Survivable World: winner of the 2003 Washington Prize and finalist for the Thom Gunn Award in Poetry. I am happy to autograph a copy for you. All copies sold through this link will help fund Seven Kitchens Press.
Review by Grady Harp for Amazon.com:
“Few poets have been able to convey the power of a love story as that that Ron Mohring shares in his gently gripping collection of poems SURVIVABLE WORLD. Though these poems are all connected to the loss of his lover David to AIDS, they refuse to enter the realm of morose, morbid, and synthetically manipulated sobbings. Instead what Mohring has created are captured memories and moments of a life shared as wholly as any two lovers in memory. His poems delineate the struggle with the slow decline of the exodus from the living world in a matter of fact style that allows the reader to observe the complex machinations of the daily routines that accompany disease – the thoughts from the caregiver role as well as the lover’s quiet anguish, watching the one person that has completed his life, slowly, and with both loss of dignity that is real, as well as the loving that makes the coping mechanisms beautiful.””Mohring gives us the memories born before the disease, the shock and ultimate management of reality, the quiet moments of death and goodbyes, and even the post mortem attempts to find life again, alone. In TO HAVE AND TO HOLD he ends his poem with these words: ‘…You’d gone before/ the funeral, before the doctor signed/ you dead, switched off the machine/ bullying your lungs. I would touch your skull – / frontal, parietal, occipital – and mourn what it/ contained, what couldn’t last, knowing/ this receptacle was all that would remain,/ gutted bowl and useless frame kiln-fired, fractured,/ packaged and delivered to my living hands.’
“This miraculous collection of poems will doubtless be a source of comfort to the survivors of this plague, but is should be read by everyone who faces the truths of mortality. There is a generous amount of love in SURVIVABLE WORLD, enough to encourage even the most fragile among us whose vision of death is threatening. In Ron Mohring’s hand life becomes even more treasured. Highly recommended.”
wearing dirty Reeboks and matching Illinois State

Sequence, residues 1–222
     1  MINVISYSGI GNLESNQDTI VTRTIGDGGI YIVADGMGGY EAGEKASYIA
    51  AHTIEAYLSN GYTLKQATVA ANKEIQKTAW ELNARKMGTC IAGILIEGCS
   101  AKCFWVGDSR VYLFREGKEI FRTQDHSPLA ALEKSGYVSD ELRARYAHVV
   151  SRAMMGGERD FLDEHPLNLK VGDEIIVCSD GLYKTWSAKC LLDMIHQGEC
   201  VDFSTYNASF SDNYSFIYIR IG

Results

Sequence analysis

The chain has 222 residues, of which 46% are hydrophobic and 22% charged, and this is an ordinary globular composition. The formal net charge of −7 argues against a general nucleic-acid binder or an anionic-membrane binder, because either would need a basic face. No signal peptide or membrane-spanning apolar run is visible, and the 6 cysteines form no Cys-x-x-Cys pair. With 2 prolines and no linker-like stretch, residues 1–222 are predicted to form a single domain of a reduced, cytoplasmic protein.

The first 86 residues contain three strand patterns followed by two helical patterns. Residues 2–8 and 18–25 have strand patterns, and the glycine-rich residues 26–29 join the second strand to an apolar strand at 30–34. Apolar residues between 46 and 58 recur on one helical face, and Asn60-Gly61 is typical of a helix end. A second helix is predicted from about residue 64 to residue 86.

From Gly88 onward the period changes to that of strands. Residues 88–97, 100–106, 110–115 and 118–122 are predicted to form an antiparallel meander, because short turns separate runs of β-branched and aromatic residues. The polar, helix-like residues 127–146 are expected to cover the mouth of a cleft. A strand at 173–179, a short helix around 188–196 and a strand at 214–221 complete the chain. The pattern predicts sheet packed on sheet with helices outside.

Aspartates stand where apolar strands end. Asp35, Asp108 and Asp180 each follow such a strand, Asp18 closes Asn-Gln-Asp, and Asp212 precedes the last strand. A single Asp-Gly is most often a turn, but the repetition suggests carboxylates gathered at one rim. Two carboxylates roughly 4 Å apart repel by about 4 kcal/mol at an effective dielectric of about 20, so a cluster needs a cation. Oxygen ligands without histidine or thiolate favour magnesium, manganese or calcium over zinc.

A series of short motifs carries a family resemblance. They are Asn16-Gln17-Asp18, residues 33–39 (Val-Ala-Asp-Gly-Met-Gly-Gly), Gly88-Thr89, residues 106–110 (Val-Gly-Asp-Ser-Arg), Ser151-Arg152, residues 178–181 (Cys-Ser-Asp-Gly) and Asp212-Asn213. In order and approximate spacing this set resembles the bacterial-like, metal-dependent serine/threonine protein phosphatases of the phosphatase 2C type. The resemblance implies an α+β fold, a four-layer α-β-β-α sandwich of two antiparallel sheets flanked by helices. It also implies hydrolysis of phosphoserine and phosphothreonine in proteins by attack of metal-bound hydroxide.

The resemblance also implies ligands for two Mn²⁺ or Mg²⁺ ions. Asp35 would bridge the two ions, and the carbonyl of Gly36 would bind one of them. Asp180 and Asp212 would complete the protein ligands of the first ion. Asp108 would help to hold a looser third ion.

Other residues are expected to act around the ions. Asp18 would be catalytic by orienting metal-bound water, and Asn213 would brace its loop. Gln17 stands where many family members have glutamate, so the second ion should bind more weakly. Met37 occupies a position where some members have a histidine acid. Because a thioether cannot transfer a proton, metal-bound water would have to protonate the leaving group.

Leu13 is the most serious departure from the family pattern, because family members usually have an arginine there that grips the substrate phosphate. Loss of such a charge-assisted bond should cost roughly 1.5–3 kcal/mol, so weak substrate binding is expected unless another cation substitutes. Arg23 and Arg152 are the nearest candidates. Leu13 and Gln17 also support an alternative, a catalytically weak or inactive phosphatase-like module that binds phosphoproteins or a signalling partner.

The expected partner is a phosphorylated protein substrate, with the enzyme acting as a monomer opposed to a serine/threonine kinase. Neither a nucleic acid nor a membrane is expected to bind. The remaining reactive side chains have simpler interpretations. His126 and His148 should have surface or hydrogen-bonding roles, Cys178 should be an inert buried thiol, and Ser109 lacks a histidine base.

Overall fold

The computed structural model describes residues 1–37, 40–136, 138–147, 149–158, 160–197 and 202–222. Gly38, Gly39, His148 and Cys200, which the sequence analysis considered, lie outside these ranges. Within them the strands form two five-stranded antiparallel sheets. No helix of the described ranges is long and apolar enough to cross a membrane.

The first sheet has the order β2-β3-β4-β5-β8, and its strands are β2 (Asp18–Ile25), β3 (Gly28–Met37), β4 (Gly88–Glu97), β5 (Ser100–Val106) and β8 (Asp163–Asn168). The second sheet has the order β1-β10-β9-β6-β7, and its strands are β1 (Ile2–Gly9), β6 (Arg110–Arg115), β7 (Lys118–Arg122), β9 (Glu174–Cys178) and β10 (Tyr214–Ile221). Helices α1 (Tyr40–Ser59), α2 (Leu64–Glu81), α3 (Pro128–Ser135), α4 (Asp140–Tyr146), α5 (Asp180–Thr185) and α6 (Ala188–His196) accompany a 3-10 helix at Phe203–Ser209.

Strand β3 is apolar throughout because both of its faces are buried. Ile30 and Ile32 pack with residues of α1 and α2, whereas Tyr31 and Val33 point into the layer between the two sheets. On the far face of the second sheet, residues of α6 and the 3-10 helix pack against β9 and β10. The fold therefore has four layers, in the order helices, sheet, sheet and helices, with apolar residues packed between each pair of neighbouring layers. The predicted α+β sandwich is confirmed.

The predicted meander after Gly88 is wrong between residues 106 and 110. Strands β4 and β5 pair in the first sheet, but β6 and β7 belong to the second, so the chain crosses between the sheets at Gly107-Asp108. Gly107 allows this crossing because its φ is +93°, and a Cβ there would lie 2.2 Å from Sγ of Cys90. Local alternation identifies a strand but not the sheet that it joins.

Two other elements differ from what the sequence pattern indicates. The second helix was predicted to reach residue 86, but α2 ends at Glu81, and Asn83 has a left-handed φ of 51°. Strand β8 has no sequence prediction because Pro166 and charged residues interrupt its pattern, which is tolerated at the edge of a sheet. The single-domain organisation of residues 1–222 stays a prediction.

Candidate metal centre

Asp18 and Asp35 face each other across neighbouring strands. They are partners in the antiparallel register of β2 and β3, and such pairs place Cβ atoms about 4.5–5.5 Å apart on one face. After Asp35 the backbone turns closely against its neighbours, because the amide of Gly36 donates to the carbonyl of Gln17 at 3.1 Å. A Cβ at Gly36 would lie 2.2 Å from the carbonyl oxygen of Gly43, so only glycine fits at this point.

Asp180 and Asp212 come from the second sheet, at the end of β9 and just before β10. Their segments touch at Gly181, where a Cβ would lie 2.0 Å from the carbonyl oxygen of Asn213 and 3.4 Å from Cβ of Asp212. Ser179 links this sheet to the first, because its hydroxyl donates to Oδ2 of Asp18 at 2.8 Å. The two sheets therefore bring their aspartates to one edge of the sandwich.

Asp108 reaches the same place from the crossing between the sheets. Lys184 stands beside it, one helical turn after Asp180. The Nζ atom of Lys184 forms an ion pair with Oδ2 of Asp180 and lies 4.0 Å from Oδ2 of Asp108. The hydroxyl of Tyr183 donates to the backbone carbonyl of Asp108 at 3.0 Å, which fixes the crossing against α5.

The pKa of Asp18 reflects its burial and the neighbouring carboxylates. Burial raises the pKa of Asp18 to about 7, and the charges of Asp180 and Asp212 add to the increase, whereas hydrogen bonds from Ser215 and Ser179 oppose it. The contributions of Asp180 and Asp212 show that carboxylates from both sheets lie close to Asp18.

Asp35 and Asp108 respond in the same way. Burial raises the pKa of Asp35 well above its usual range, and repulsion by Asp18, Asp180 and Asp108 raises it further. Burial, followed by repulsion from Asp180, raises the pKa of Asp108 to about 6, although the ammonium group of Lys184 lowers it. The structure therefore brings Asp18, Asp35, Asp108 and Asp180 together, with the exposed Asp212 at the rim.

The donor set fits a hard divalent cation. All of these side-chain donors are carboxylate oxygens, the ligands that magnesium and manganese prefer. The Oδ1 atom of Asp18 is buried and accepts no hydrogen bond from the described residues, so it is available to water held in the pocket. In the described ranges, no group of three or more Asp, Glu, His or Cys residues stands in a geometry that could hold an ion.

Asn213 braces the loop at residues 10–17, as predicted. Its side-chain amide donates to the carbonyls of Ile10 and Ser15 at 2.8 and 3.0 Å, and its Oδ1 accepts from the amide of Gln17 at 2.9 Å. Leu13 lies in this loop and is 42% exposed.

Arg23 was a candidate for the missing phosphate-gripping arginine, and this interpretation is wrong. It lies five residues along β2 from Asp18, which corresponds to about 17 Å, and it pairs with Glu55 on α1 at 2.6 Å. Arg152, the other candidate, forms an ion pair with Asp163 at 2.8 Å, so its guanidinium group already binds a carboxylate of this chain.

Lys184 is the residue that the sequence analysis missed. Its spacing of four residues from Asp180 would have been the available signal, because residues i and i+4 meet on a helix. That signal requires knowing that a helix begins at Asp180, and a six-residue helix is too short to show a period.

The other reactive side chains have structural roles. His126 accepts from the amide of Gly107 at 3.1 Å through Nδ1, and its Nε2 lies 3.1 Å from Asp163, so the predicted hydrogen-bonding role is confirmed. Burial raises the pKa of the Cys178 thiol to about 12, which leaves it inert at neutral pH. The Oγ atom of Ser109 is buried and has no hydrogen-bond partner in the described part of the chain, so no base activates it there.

T-shirt and shorts. It is not
the man in the lime polo shirt who grabs at his clip-on
pager. It is not the tall man
in the white shirt carrying a Faulkner novel who eyes me frankly
but does not stop to say hello.
Not the small Brazilian man with the black elastic band
wrapped around his head,
the bright wire mouth guard gleaming. Not the loping man
in soft gray cowboy boots
and drooping black felt hat, though he’s passed this spot four times.
Not the man in the leather shop
with heavy silver loops in his ear. Behind a row of video screens
a pair of muscled legs. It is not the man attached.
It is neither of the mustached ones
in matching Pittsburgh T-shirts, nor the businessman
carrying his metal briefcase.
Not the beared man with his cap turned backward who smiles
as I stare, though for a moment
I think it could be him. The flight attendant with perfect hair,
the Greek man in the cobalt shirt
listening to his headphones, the Asian man in the yellow mesh
tank top, arms and chest fluid, solid:
none will deliver me. The Greek man bites his nails.
White bunches socks.
Mole above his lip. He is so beautiful, I can’t understand
why no one has found him.
After the funeral, after the families disperse,
after the first night alone, and the next,
the first year; after the first man you allow
to touch you, after the tenth, after you let
yourself use the word love with someone else,
after you decide to sell the house
but can’t get around to it, after you forget
the taste of his ashes and grit on your tongue
and it’s easier to say his name, read his diaries,
spend his money, sell his car, fuck
in his bed; after you’ve rolled the platitudes
into little pills and swallowed them all,
and life presents not cruelty but experience,
and his death has become just
another part of you you sometimes ignore,
after that, there is always
More sample poems: “San Francisco Zoo” and “Inventory” from Diagram 2.1; “Suddenly” from Verse Daily.